- Why Tara
Mrs Denise Hayward
This has been a year like no other in our lifetime. In the face of such upheaval, there are silver linings, little rays of light shining through. At a certain point in the last few months I decided to embrace the new abnormal and do something with it. Yes, there have been obvious downsides, but I have been looking for the upsides. I have wondered what we will take out of these times, remember, cherish and keep with us as things return to something resembling normality. Well this is my little ray of sunshine: the deep and enduring capacity we have as humans to care for others.
It’s 7:35 AM and I am outside Junior School in “my new spot”. It is cold, but I would not want to be anywhere else at this time of the day. As a class teacher my day always began and ended at the doorway to the classroom. Doug Lemov, in Teach like a Champion, wrote about the threshold of the classroom and the power of teachers standing at their doors to set the tone as students enter and communicate they care. In recent months I have reimagined this setting as I now stand at the entrance to the school.
Every morning along with temperature checks and hand sanitising, I have the privilege to check in with every student and staff member in the Junior School. This new morning ritual has taken me back to my roots as a classroom teacher and reminded me that one of the best things about teaching is everyone has a fresh start every morning, the chance to make a good first impression each day. Being outside and talking to parents and students creates a welcoming atmosphere and keeps me in tune with what's going on. It's a win-win situation.
The poet Maya Angelou once said, “I’ve learned that people will forget what you said, people will forget what you did, but people will never forget how you made them feel”. In a school setting, the words of Maya Angelou greatly resonate with many of the day-to-day routines, including how we greet others. The way we start our interactions—through words and actions—can reveal a number of characteristics about us, such as our comfort level, and interest in learning about others. Greetings can help us build new connections with others and strengthen bonds, especially when we make sure that the other person knows they are important to us.
My new morning routine has had many unexpected consequences. One of the most enduring is the group of Year 6 girls who join me each morning. Not because they must, but rather because they saw a need and thought they could help. Each morning these girls arrive in full school uniform, pop on a glove and open car doors for the families of the Junior School. On occasion I have found one of them in “my spot”, checking temperatures, greeting girls, and wishing them a great day. You can’t beat that. They have become the first contact with the School community every morning. They offer a welcoming smile and a “how are you this morning?”. They assist with girls juggling bags and scooters and musical instruments and flowers for the teacher and cupcakes and Number Smash/Wonder Words books, and on one occasion, a sheep! In doing so, they provide a reassurance for younger students as they transition from home to school. For our youngest students they walk alongside them and settle them into their learning spaces for the day.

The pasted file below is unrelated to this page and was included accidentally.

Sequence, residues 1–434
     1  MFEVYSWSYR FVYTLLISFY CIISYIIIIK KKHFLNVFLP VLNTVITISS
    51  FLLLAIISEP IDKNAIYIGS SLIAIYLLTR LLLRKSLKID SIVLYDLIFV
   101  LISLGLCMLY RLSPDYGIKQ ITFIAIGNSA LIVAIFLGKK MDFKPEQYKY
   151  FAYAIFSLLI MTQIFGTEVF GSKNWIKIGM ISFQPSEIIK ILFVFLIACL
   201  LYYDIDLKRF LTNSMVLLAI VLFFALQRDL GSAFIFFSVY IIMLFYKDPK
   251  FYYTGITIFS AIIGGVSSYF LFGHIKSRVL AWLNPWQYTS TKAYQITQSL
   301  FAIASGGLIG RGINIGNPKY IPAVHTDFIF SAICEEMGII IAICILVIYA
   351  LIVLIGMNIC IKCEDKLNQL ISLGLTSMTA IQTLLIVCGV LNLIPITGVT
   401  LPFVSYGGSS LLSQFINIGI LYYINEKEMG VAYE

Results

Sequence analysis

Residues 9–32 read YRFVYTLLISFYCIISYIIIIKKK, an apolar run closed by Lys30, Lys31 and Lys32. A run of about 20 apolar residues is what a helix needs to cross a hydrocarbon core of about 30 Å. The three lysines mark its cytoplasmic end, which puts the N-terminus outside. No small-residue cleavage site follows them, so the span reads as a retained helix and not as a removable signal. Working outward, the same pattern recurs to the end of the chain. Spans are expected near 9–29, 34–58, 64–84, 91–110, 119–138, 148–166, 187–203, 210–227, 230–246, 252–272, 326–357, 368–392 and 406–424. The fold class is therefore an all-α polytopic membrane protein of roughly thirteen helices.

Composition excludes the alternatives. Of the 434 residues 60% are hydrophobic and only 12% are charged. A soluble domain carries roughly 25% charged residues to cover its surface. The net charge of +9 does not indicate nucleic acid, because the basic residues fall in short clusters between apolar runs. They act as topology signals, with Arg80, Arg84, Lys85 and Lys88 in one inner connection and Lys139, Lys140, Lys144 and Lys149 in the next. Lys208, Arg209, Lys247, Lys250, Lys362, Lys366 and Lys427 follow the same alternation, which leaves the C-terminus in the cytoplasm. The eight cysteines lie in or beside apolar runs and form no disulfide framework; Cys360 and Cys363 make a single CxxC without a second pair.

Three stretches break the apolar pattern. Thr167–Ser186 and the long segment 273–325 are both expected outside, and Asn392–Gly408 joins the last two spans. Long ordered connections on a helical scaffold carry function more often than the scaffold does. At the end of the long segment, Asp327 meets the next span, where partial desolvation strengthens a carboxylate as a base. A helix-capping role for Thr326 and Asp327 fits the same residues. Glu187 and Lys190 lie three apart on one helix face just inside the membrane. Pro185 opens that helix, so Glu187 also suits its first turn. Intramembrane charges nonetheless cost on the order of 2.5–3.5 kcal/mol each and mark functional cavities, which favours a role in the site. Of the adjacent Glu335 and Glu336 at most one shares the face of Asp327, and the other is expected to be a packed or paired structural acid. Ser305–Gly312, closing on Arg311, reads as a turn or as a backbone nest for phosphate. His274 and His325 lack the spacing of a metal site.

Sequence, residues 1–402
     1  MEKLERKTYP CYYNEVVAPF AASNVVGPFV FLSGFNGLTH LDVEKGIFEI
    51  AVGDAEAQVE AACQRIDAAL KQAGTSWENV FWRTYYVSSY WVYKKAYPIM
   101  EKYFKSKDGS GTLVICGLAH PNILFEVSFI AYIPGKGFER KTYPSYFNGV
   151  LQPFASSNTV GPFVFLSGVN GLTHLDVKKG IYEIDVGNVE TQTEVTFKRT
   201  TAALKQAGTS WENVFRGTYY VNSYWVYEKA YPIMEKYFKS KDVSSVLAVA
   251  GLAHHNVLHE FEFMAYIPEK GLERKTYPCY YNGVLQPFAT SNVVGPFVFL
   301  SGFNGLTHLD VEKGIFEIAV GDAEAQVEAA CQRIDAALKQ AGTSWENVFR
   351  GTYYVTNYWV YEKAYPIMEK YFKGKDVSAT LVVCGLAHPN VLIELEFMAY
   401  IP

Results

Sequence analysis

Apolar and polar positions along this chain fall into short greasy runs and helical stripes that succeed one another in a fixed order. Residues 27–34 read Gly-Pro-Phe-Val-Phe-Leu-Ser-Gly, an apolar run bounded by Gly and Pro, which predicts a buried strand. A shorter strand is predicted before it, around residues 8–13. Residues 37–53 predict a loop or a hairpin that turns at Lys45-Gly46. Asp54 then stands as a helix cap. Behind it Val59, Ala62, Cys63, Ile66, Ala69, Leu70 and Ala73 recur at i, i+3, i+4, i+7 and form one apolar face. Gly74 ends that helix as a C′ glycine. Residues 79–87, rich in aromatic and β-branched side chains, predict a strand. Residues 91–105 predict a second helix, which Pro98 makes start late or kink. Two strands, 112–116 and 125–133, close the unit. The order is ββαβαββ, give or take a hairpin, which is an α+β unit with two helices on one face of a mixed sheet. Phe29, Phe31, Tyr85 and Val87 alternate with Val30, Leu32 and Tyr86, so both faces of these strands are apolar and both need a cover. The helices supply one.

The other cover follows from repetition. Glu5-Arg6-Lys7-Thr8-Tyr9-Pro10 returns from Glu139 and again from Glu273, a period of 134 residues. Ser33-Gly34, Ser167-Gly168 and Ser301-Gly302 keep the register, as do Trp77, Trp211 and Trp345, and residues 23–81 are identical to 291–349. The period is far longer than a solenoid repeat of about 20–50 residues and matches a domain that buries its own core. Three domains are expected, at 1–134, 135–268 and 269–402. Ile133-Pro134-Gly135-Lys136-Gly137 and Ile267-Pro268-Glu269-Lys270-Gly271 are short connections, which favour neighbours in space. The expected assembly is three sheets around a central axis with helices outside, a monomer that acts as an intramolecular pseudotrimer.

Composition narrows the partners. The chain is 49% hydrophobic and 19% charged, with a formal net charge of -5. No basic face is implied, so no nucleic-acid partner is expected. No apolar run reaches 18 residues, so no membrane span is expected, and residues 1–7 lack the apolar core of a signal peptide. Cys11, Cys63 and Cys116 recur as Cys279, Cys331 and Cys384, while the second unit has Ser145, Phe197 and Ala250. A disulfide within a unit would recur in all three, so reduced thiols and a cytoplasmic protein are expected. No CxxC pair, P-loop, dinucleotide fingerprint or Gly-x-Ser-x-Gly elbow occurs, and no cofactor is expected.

These Year 6 girls embody the teacher-student interactions which are at the heart of the School. They, like me, use the morning greeting to check in with students every day. Are they smiling? Do they seem distracted? As a group we take the time to chat with the girls which is an opportunity to notice the little things, creating a space for students to have a fresh start each day, to open their minds to the possibilities that await them, developing a willingness to try new and challenging tasks.
Research shows that greeting students as they come into school and their classroom creates a feeling of belonging and readiness to learn. We know that for girls, the driver for learning is the social connection and it is this connection that activates their cognitive skills. By starting the day with someone saying to them, “I see you, I know you, I’m connecting with you, and you’re important to me,” we bolster a feeling of belonging and readiness to learn.
Each morning is like a pulse check to see where the girls are. Are they going to have a good day? Many of my interactions over the hand sanitiser are very intentional to build deeper relationships, to get to know students, to find out something about them. In turn they get to find out something about me. We get to make a connection and this all starts before they have even walked through the door. This time in the morning is invaluable for setting a tone, favourably impacting the overall climate and culture of the school.
Why do positive greetings work? When teachers use strategies like this, they help “establish a positive classroom climate in which students feel a sense of connection and belonging. This is particularly important considering the research demonstrating that achievement motivation is often a by-product of social belonging” (Cook, Fiat, Larson, et al. 2018). In other words, when students feel welcome at school, they’re more willing to put time and effort into learning.
While we can’t and wouldn’t want to live in long-term lockdown mode, these past few months have demonstrated our capacity to adapt and change. This is important as in all the disruption we are experiencing, there are lessons to be learned. The power of saying good morning, making eye contact and wishing someone a great day has far reaching consequences beyond that of good manners.